The charge has become commonplace: “Don’t text and drive.” When you hear those words, you most likely get the picture of a person behind the wheel of a car, cellphone in one hand, eyes and attention off the road and on the text. But an appeals court in New Jersey ruled on August 27, 2013, that those who send a text to a driver they know to be behind the wheel could also be held liable if the recipient of the text causes a crash. That’s a new twist.
In the New Jersey case, two teenagers were texting – one in his car and one at home. They sent each other 62 texts that day before the accident, according to court documents. Does that sound odd to you? It isn’t. According to a September 2012 CNN report, Americans ages 18 to 29 send and receive an average of nearly 88 text messages per day, compared to 17 phone calls. The non-profit CTIA found that 171.3 billion text messages are sent in the US every month. And, of course, teens aren’t the only ones who text; 77% of teens have admitted to watching their parents text and drive.
At any given daylight moment across America, approximately 660,000 drivers are using cell phones or manipulating electronic devices while driving, according to the National Highway Transportation Safety Association. Texting is responsible for 1,600,000 accidents per year (National Safety Council) and 330,000 injuries per year (Harvard). We don’t know what the texts said. It doesn’t matter – No text is worth the risk. It can wait.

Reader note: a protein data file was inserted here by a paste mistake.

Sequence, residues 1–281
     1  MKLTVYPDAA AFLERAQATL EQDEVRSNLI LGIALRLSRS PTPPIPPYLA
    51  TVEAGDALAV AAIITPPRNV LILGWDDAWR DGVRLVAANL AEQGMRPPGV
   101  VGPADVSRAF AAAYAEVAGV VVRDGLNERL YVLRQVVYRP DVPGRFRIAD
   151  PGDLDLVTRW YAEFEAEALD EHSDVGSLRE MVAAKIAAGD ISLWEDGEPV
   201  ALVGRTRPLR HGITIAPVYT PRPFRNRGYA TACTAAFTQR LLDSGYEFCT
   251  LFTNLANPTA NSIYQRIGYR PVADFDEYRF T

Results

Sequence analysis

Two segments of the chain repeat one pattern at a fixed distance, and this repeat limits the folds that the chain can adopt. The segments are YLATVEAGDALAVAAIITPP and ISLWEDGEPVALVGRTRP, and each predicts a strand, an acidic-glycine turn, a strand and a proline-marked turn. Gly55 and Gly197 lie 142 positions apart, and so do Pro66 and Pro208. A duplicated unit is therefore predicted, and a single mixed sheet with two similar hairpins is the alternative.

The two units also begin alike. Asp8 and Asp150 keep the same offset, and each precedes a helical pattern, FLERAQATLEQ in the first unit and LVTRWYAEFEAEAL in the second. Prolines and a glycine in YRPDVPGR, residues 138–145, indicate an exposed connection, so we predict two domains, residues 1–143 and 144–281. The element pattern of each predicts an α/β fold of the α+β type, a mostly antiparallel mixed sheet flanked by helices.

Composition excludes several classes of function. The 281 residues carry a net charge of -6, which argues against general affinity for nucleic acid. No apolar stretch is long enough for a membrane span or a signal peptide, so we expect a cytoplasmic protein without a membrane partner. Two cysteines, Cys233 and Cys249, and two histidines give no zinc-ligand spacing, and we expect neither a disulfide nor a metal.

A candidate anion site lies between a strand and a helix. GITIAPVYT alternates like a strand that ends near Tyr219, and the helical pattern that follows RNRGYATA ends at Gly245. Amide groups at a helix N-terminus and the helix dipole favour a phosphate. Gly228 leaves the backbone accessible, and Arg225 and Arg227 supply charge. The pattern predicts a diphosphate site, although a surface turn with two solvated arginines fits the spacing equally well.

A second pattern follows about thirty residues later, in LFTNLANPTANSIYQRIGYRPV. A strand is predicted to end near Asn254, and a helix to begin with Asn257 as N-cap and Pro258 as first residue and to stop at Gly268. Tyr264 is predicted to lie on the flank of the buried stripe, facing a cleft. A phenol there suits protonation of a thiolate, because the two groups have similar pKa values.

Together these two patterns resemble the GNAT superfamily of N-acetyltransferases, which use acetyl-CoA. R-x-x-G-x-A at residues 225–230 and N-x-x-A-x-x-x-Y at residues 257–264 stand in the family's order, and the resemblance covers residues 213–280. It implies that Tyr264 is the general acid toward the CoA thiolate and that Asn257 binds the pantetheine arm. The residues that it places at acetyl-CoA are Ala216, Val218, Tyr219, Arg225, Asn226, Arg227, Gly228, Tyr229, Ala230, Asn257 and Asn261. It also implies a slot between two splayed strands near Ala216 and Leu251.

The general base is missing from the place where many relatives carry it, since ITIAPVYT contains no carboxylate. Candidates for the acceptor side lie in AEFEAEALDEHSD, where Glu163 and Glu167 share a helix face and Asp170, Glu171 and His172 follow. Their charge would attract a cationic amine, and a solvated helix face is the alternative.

That’s the message of a new 35-minute documentary by award-winning filmmaker Werner Herzog. Entitled “From One Second to the Next,” the film describes four accidents — two of them fatal, all of them preventable. The film was financed by America’s four largest wireless carriers and will be widely distributed to high schools. You can – and should — watch it on-line here: http://www.itcanwait.com/videos.
In some instances, the drivers recall what they were texting just before the crash; in others, they have no recollection. Reggie Shaw, who caused a 2006 crash that killed two scientists, confesses, “I don’t remember what the message said. That’s how important it was.” He now weeps, and regrets.
No text is worth the risk. It can wait.
Psychology Today offers the following suggestions for parents:
- Parents, lead by example. Don’t talk on the phone or text when you’re operating a vehicle.
- Have teens lock that phone in the trunk or glove compartment. Out of sight, out of mind.
- Teach them the importance of pulling off the road and parking the car to respond.
- Teach your teen to speak up if they’re in the car with a texting driver. Perhaps they could offer to text the message so the driver can keep his/her eyes focused on the road.
- Sign a pledge along with your teen to not text and drive. One is AT&T’s “No Text on Board” pledge.
And I would say, sit with your child and watch Werner Herzog’s film. What they hear from those who caused texting accidents and from those who were forever harmed by the accidents may have more of an impact than your cautionary instructions. I’ll lay you odds you won’t be untouched either.